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  1. Lori Christ1,
  2. Jessica Barber2,
  3. Ashley Murray1,
  4. Melissa Dunleavy1,
  5. Jason Stoller2,
  6. Dalal Taha2,
  7. Loretta Brown-Jackson1,
  8. Meredith McElroy1,
  9. Michael Posencheg1
  1. 1Hospital of the University of Pennsylvania, United States
  2. 2The Children's Hospital of Philadelphia, United States


Background Intraventricular hemorrhage (IVH) is a common complication of prematurity and has been associated with adverse short and long term outcomes. Despite the identification of risk factors for IVH, the overall rate has remained stable during the last decade.

Objectives Our aim was to reduce the incidence of severe IVH in preterm infants (<30 weeks) in our NICU from 8% to 4% between October 2014 and December 2015.

Methods A multidisciplinary team drafted a charter using the Model for Improvement (fig 1). Implementation began in October 2014. Ongoing interventions include: midline head positioning (MHP) during the first week of life, a minimal handling bundle inclusive of a multidisciplinary admission huddle (fig 2), increasing IVH awareness using a web-based risk calculator (, and standardizing infusion rates for boluses/blood products.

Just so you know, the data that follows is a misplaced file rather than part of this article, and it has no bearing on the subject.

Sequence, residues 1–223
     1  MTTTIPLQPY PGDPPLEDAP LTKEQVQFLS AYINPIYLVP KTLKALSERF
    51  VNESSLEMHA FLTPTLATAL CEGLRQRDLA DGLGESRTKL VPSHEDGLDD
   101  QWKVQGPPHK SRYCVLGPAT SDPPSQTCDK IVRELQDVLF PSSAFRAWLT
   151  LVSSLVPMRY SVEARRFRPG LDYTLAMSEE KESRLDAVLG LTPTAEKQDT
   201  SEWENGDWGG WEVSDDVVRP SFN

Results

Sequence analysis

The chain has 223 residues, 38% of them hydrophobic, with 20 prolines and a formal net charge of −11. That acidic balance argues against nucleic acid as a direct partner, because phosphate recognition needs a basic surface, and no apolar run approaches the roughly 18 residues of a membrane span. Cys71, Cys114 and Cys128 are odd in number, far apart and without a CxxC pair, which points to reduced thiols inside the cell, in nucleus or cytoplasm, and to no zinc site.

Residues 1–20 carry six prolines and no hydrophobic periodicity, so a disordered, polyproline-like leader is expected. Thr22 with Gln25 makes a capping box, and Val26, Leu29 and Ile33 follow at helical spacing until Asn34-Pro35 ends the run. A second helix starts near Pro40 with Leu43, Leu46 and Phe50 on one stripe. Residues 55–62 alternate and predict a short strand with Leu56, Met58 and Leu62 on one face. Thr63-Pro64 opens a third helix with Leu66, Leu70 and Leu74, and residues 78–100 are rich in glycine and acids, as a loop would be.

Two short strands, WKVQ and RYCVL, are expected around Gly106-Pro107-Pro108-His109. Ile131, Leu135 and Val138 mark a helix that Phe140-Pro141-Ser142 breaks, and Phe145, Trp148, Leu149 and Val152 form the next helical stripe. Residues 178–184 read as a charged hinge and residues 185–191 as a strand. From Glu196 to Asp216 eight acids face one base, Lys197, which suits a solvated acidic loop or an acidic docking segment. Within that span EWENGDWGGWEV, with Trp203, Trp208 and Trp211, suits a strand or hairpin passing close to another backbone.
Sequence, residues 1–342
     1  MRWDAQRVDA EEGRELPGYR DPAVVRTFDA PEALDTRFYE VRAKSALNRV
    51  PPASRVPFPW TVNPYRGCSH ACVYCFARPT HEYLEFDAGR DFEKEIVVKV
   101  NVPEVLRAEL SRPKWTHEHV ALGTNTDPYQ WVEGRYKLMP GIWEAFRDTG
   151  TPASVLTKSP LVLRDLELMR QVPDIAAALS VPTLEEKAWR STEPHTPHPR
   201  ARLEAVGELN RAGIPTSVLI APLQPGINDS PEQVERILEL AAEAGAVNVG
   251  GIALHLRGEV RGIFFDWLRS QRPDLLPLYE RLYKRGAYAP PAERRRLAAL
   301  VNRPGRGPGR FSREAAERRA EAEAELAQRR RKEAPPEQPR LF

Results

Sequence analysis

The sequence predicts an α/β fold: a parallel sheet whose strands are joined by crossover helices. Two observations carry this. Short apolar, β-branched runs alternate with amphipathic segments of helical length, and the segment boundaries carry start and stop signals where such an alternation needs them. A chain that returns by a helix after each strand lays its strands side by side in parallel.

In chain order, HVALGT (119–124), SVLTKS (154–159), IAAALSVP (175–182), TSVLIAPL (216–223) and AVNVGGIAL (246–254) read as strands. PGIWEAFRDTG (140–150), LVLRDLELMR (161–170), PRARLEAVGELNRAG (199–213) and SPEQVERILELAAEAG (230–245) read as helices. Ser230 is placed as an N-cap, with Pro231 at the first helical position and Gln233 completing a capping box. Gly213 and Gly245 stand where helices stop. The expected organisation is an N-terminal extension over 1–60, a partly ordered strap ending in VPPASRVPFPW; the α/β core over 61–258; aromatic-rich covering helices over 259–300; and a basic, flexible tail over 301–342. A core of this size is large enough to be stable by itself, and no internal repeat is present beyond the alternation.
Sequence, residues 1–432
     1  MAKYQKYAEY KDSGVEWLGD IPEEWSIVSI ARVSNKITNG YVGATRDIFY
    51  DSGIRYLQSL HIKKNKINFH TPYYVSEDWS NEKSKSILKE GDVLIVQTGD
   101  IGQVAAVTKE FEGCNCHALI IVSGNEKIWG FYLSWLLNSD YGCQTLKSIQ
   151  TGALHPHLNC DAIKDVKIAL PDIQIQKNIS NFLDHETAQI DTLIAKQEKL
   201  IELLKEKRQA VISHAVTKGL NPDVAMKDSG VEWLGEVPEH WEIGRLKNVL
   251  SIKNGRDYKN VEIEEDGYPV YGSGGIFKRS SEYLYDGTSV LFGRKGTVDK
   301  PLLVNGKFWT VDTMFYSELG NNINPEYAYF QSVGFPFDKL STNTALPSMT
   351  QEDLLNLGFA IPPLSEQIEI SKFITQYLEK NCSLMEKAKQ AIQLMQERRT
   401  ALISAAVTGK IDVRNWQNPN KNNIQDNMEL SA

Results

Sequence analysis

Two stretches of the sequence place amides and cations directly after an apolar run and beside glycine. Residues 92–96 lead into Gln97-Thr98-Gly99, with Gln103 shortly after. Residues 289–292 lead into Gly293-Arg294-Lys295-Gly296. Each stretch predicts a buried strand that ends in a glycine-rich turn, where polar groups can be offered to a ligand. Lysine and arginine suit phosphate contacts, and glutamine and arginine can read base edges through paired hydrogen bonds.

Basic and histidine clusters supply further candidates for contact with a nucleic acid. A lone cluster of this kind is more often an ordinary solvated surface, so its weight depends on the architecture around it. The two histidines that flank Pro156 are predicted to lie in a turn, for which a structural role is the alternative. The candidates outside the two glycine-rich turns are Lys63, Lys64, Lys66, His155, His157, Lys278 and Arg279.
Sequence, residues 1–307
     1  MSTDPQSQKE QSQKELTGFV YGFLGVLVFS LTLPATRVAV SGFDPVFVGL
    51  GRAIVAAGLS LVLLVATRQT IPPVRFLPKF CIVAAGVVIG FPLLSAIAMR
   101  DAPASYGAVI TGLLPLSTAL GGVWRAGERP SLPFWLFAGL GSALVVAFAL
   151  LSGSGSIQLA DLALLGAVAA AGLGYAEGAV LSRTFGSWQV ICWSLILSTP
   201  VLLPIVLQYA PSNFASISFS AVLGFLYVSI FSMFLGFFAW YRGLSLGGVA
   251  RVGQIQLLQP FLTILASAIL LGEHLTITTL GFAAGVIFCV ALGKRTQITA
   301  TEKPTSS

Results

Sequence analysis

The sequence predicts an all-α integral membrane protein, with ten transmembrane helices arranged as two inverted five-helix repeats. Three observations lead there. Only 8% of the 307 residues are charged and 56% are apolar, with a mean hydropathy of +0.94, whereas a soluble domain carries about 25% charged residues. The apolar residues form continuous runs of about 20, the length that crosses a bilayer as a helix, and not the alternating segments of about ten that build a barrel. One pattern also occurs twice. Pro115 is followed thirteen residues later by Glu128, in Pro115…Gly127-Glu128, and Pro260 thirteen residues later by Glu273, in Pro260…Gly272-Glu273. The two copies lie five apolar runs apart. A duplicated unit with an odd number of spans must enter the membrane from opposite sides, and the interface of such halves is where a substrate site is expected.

Outcome measures include number of severe and overall IVH by birth month and fiscal year rate (%). Process measures include compliance with MHP and admission huddle (%), and discussion of IVH risk (%). Balancing measure is the rate of unplanned extubation.

Results The average monthly rate of severe IVH has decreased from 8.3% in FY14 to 5.1% in FY15 (fig 3). We report 227 days and 37 infants <30 weeks without severe IVH despite infants with similar IVH risk during the intervention period. MHP and admission huddle compliance for infants <30 weeks have recently reached 100% (fig 4).

Conclusions By implementing potentially better practices, we have measurably reduced severe IVH. Future directions include delayed cord clamping, prophylactic indomethacin for IVH prevention, and reviewing IVH cases with providers.

Figure 2

Admission huddle checklist. The admission huddle occurs within 15 minutes of admission. The infant is assessed by the nursing and medical teams, followed by a brief recap of the history and the admission plan for the infant with special attention to the items below. This is the 7th version of the admission huddle form.

Figure 3

Number of severe IVH, by month. This figure denotes the number of severe IVH diagnoses according to birth month for patients <30 weeks gestational age admitted to the HUP ICN from January 2014 to June 2015. The median number of severe IVH cases is 1 per month, with an average of 6 infants born <30 weeks gestational age (range 2–12). Specific interventions/PDSA components are indicated as below.

Figure 4

Admission huddle compliance, by month.

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